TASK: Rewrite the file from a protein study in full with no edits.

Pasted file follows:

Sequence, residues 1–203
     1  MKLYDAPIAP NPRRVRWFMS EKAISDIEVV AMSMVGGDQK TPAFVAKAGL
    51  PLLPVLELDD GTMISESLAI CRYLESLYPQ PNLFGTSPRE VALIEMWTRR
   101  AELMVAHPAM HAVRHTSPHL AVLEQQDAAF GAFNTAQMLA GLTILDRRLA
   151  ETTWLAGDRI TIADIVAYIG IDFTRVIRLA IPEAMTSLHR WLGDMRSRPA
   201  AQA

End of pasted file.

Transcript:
Sequence, residues 1–203
     1  MKLYDAPIAP NPRRVRWFMS EKAISDIEVV AMSMVGGDQK TPAFVAKAGL
    51  PLLPVLELDD GTMISESLAI CRYLESLYPQ PNLFGTSPRE VALIEMWTRR
   101  AELMVAHPAM HAVRHTSPHL AVLEQQDAAF GAFNTAQMLA GLTILDRRLA
   151  ETTWLAGDRI TIADIVAYIG IDFTRVIRLA IPEAMTSLHR WLGDMRSRPA
   201  AQA